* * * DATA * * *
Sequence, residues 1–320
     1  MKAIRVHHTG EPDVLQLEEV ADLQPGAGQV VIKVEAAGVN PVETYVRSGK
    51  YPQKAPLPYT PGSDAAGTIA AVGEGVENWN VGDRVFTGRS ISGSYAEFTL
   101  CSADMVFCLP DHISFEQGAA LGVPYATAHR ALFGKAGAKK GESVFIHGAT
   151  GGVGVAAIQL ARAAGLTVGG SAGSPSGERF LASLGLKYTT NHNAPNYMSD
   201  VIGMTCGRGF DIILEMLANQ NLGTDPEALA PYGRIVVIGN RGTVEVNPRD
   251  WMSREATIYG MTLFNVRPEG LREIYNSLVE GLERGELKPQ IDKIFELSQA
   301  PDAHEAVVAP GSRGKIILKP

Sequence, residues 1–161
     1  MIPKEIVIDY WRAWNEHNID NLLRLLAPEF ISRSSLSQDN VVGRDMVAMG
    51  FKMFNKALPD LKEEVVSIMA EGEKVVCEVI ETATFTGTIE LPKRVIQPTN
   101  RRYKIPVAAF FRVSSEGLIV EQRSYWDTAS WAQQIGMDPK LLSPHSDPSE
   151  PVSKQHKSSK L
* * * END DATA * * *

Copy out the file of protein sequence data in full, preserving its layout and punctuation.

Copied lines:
Sequence, residues 1–320
     1  MKAIRVHHTG EPDVLQLEEV ADLQPGAGQV VIKVEAAGVN PVETYVRSGK
    51  YPQKAPLPYT PGSDAAGTIA AVGEGVENWN VGDRVFTGRS ISGSYAEFTL
   101  CSADMVFCLP DHISFEQGAA LGVPYATAHR ALFGKAGAKK GESVFIHGAT
   151  GGVGVAAIQL ARAAGLTVGG SAGSPSGERF LASLGLKYTT NHNAPNYMSD
   201  VIGMTCGRGF DIILEMLANQ NLGTDPEALA PYGRIVVIGN RGTVEVNPRD
   251  WMSREATIYG MTLFNVRPEG LREIYNSLVE GLERGELKPQ IDKIFELSQA
   301  PDAHEAVVAP GSRGKIILKP

Sequence, residues 1–161
     1  MIPKEIVIDY WRAWNEHNID NLLRLLAPEF ISRSSLSQDN VVGRDMVAMG
    51  FKMFNKALPD LKEEVVSIMA EGEKVVCEVI ETATFTGTIE LPKRVIQPTN
   101  RRYKIPVAAF FRVSSEGLIV EQRSYWDTAS WAQQIGMDPK LLSPHSDPSE
   151  PVSKQHKSSK L